In "The Flowers", pick out two moments in the story that have the greatest impact and why?

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mrs-campbell eNotes educator| Certified Educator

1.  "It was then she stepped smack into his eyes."  Alice Walker makes a point of describing the little girl's perfectly happy, carefree amble through the woods, and then this-she steps onto a man's head.  It is so unexpected because it is so out of the realm of what your mind is thinking of at that point.  It is so weird and out-of-place, that I re-read it, wondering if I had gotten it right.  How was it possible?  Did Walker really write that?  And does it really mean someone's real eyes, or was she speaking figuratively?  It catches you off guard and takes some back and forward-reading to really realize that yes, she had in fact stepped on a real person's head.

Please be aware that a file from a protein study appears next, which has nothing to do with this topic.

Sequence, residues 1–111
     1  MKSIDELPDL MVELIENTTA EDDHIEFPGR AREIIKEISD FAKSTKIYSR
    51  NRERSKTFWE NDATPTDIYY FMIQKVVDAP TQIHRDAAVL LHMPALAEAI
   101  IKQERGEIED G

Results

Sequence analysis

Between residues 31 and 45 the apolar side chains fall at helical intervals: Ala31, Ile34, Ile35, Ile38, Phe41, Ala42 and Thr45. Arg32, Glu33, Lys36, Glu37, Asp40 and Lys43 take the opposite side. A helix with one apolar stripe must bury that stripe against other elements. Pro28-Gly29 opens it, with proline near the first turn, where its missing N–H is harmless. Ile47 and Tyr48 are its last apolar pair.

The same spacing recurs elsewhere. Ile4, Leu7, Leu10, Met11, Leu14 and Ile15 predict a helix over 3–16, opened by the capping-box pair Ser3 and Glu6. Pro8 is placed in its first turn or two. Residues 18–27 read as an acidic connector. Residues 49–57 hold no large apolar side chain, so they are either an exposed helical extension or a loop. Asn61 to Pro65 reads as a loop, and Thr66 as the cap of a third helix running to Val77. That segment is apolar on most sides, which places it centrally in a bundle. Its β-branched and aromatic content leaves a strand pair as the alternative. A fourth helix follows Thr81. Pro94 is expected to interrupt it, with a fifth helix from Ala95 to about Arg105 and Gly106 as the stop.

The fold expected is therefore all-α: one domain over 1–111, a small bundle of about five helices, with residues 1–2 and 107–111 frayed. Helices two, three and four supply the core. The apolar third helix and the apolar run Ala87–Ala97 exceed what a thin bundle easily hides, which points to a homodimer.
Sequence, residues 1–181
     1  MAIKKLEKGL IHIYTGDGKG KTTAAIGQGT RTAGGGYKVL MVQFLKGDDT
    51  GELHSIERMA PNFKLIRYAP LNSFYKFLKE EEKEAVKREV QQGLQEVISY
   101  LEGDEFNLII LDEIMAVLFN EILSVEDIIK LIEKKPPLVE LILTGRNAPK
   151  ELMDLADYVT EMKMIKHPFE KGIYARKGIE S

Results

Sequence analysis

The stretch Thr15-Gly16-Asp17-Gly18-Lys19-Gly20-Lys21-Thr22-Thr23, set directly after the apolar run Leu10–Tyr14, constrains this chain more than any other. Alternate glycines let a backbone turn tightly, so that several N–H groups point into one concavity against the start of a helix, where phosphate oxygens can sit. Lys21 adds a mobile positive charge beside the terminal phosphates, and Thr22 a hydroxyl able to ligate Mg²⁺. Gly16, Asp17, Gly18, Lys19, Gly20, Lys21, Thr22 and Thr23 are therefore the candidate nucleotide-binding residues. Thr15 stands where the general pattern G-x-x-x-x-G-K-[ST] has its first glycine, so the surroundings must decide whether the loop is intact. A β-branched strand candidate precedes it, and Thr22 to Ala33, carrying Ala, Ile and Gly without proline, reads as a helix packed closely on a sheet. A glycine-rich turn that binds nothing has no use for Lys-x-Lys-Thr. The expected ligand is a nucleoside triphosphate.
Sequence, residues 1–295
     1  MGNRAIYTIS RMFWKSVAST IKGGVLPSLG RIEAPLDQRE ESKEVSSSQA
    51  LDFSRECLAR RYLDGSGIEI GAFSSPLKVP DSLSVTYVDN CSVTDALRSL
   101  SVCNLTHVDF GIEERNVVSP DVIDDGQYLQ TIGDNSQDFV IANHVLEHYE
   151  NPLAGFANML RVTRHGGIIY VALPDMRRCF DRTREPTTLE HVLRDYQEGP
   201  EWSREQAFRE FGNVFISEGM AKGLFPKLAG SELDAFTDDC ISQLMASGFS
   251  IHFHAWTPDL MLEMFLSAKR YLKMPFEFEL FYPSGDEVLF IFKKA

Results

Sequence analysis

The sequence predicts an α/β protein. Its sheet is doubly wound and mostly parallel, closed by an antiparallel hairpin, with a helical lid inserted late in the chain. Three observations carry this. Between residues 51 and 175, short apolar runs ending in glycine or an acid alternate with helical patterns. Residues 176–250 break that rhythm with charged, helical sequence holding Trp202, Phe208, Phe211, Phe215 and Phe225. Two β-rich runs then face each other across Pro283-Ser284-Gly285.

2.  Myop's initial reaction to the corpse:  "Myop gazed around the spot with interest", and seeing a rose, goes to pick it.  It appears that she isn't even phased.  She stepped in a rotting corpse for pete's sake, and she merely looks about "with interest" (not horror, not paralytic dismay).  It is only after she realizes that he was lynched that Walker indicates the real reaction:  "And the summer was over."  So there is such a huge difference between Myop's initial reaction, to what Walker eludes is her second reaction, and it's and interesting comparison.